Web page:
Last year, the majority of the craft artists who sought CERF+’s emergency relief assistance did so after suffering impacts from climate or weather-related emergencies, such as hurricanes, tornadoes, and wildfires. As the threat of climate change intensifies across the globe, we want to honor several creative initiatives that address climate change and sustainability issues in the field of craft. We invite you to take a moment to discover how sustainability is being addressed in the field through solutions involving shared studio spaces that are as innovative and creative as the artists they support.
Landfills are typically thought of as exacerbating environmental problems, including climate change. But, over the past couple of decades, several art studios have been developed around old landfills, using methane produced by these landfills to power the studios. For example, the Jackson County Green Energy Park (JCGEP) in western North Carolina uses methane from the town’s old landfill to power their glass, blacksmithing/metals, and ceramics studios. JCGEP offers public outreach, providing tours, offering classes and workshops, and keeping their studios open for rentals.
As the pandemic eases its grip, maker spaces are becoming increasingly popular across the country. By sharing equipment and studio space, both the environmental impact and monetary costs are reduced. Some colleges and universities offer low cost craft studio memberships not only for their students, but also for the public. These spaces can act as incubators, especially for emerging artists.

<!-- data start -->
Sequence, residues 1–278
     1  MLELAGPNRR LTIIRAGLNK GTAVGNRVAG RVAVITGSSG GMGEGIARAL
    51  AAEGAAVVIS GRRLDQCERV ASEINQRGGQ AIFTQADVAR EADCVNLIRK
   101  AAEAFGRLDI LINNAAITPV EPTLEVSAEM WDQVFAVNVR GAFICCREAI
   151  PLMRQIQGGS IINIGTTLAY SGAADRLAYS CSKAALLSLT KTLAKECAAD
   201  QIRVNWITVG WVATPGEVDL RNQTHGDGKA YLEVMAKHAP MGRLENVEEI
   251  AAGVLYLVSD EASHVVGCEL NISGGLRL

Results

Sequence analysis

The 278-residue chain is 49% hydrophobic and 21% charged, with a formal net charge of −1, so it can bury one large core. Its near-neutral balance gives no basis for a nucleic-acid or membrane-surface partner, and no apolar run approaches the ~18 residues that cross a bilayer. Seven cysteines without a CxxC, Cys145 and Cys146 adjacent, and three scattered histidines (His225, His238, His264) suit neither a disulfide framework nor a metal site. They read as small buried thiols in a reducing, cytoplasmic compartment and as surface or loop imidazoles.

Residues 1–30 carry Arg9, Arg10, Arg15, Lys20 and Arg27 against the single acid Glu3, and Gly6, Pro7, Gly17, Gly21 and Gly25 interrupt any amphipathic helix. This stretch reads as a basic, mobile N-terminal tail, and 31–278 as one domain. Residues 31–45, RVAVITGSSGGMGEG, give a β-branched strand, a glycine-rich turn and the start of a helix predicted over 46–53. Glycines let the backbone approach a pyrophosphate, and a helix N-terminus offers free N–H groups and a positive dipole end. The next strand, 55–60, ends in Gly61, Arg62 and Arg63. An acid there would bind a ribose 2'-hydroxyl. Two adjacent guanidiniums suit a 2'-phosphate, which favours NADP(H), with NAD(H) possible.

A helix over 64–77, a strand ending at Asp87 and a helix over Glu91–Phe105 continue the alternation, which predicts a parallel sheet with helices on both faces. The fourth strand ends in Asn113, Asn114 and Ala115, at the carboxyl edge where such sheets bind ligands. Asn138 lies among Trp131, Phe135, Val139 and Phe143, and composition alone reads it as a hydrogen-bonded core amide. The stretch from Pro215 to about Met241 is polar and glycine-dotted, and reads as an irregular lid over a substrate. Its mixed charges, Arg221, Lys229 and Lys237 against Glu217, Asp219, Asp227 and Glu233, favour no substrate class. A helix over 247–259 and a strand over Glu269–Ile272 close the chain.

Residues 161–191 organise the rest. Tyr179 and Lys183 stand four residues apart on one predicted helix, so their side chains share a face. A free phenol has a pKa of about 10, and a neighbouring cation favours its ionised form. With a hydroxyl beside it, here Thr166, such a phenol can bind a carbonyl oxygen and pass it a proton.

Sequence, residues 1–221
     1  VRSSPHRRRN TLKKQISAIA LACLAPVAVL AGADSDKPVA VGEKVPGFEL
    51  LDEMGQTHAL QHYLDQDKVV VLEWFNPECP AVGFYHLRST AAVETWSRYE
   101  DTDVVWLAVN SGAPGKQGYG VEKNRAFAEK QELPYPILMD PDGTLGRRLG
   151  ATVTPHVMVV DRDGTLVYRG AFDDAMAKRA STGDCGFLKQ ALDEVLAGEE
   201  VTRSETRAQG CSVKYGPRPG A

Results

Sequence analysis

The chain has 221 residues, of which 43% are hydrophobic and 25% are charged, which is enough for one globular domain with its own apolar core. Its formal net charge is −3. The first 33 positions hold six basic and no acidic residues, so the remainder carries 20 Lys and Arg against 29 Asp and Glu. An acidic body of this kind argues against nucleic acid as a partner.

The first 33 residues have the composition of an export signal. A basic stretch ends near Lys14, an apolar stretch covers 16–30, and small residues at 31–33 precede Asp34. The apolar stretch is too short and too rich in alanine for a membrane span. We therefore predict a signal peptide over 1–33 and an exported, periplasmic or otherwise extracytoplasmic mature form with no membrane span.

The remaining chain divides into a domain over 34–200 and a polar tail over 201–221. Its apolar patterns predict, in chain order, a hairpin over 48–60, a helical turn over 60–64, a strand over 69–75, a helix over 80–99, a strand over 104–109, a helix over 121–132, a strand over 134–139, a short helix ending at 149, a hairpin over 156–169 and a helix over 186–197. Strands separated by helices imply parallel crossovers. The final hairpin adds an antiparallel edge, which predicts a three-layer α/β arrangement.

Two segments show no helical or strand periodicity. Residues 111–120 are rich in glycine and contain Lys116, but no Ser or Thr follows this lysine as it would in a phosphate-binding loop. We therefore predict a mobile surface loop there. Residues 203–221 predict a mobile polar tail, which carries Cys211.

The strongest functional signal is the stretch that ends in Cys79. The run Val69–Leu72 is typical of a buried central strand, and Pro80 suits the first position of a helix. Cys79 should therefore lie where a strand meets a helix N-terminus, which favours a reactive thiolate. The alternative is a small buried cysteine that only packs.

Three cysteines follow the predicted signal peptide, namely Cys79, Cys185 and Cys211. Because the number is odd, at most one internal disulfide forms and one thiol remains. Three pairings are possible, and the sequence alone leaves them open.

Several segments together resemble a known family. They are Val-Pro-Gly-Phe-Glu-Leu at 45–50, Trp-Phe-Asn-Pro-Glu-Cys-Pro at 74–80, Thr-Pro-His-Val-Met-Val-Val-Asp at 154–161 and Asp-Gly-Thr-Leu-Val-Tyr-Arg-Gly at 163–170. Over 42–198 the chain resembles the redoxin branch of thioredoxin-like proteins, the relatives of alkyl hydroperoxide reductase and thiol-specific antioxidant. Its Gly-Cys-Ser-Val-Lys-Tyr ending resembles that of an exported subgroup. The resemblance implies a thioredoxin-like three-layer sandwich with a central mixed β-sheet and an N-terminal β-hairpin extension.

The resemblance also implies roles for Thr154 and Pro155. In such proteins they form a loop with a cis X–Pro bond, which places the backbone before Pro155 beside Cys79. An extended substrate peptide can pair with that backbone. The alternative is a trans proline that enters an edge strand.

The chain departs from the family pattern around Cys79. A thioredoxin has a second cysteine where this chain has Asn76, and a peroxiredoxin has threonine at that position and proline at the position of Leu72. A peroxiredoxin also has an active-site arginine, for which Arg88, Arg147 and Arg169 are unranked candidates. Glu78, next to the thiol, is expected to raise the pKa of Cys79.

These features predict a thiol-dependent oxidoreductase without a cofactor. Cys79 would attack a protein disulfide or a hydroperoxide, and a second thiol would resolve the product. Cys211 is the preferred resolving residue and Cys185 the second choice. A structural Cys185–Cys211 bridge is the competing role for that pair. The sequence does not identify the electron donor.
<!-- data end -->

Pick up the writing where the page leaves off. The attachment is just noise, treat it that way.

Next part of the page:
Sara Atencio-Gonzales, Executive Director of the ASUNM Arts and Crafts Studio, relayed, “The ASUNM Arts & Crafts Studio is an open ceramics and jewelry workshop. Members enjoy access to pottery wheels, hand-building tools, electric kilns, a full-service jewelry and silversmith bench, and an experienced staff of technicians and student instructors. Membership includes materials costs for ceramics including clay, glazes and tool use. Jewelry materials may be purchased from the studio at a discount.”
Shared studio spaces are not a novel concept as artists have always appreciated their benefits, which extend far beyond cost savings and environmental sustainability. Being an independent studio artist can be isolating, so even artists with their own work spaces will sometimes sign up for time in a shared maker space to enjoy the camaraderie of their fellow creatives.
Some maker spaces even focus on the creative recycling of materials. For example, Austin Creative Reuse invites the public to donate unwanted materials that can be used for art making. At CERF+, we are continually inspired by the many creative efforts to minimize environmental impacts and encourage everyone to look into how to make their own practices a bit more sustainable. Shared studios are one solution, but there are countless other ways to reduce environmental impacts.
Photos courtesy of Sara Atencio-Gonzales.